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Rural Alaska

Unalakleet eyes spreading virus with caution, not panic

  • Author: Aubrey Wieber
  • Updated: March 17, 2020
  • Published March 17, 2020

From left, Rebecca Amarok, 13, Bailey Amarok, 12, Karmen Olanna, 4, and Virginia Olanna walk to the store in Unalakleet on Monday, March 16, 2020. Virginia and her family recently moved to Unalakleet from Golovin. (Loren Holmes / ADN)

UNALAKLEET — Residents zipped around the village on snowmachines and four-wheelers. They stopped in for a few items at the Alaska Commercial Co. They went fishing on the river.

For the most part, Monday afternoon was normal in Unalakleet. But in Alaska’s main population centers, the situation rapidly became less normal.

Just after 10 a.m. Monday, Anchorage Mayor Ethan Berkowitz signed an emergency declaration closing bars, breweries and restaurants for anything but to-go orders. Anchorage residents made a run on grocery stores, temporarily depleting certain items from the city’s cache of food and supplies.

Two hours after Berkowitz’s declaration, Kirstian Haugen ran into Unalakleet’s AC grocery store to use the ATM. She left her Dodge pickup stopped in the street — keys in, engine running.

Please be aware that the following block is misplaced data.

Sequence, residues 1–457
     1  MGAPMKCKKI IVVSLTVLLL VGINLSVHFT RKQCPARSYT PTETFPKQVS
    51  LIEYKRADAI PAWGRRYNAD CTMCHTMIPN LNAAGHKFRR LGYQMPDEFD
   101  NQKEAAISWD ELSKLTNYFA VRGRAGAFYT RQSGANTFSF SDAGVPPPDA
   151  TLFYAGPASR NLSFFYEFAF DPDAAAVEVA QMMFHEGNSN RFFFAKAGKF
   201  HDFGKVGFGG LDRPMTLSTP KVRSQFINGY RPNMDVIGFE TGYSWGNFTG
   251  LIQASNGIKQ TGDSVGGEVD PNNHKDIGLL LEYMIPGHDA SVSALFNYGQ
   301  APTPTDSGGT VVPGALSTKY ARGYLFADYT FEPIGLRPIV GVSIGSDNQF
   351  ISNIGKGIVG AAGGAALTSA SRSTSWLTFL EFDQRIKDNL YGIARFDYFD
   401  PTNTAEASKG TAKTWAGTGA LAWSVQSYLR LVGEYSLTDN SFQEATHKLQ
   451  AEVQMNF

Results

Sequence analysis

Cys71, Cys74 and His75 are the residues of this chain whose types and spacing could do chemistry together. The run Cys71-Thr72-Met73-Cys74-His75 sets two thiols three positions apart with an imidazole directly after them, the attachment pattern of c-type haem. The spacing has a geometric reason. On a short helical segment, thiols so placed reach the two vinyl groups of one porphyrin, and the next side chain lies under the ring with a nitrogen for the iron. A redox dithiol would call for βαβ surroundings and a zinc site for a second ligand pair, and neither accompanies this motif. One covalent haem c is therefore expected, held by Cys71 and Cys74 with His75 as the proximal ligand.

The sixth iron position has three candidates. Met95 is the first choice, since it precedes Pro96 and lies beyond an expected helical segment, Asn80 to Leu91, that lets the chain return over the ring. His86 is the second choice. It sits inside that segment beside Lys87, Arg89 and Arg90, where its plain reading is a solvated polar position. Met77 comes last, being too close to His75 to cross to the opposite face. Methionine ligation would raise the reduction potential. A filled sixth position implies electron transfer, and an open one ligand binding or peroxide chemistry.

The village of about 700 people is that sort of place. Everyone waves as they pass on the street, at friends and strangers alike.

“I think we’re pretty well-protected out here because we are so isolated from the bigger cities,” said Haugen, 21. “I think the state is doing really good to take precaution (against) it spreading to our villages.”

Haugen said other than cleaning surfaces more often, she hasn’t changed her behavior. Because she lives in such a remote place, Haugen keeps a large supply of things like toilet paper, food and hand sanitizer, so there was no need to rush to the store and buy up supplies.

The Daily News talked with more than a dozen people in Unalakleet, and many said similar things. There is concern, people said, but the village is insulated. Plus, many people said they spend most of their free time at home anyway, so social distancing isn’t a change in behavior.

Sydney Sarren stocks shelves at the Unalakleet A/C store on Saturday, March 14, 2020. Most items are in stock at the store, one of two general stores in the community. (Loren Holmes / ADN)

The grocery store remained stocked with most items from Friday through Monday. Most of the toilet paper was bought up, but there were a dozen or so single rolls.

On Friday afternoon, there were even seven, 2-ounce bottles of hand sanitizer in stock, selling for $3.29. A couple hours later, they were all bought up.

Sydney Sarren, cashier at the AC store, said outside of a run on toilet paper and hand sanitizer, consumer behavior hasn’t changed. He said some people have come in every few hours to check and see if those items had been restocked.

Across town, another grocery store was sold out of toilet paper and hand sanitizer, but well-stocked on other items.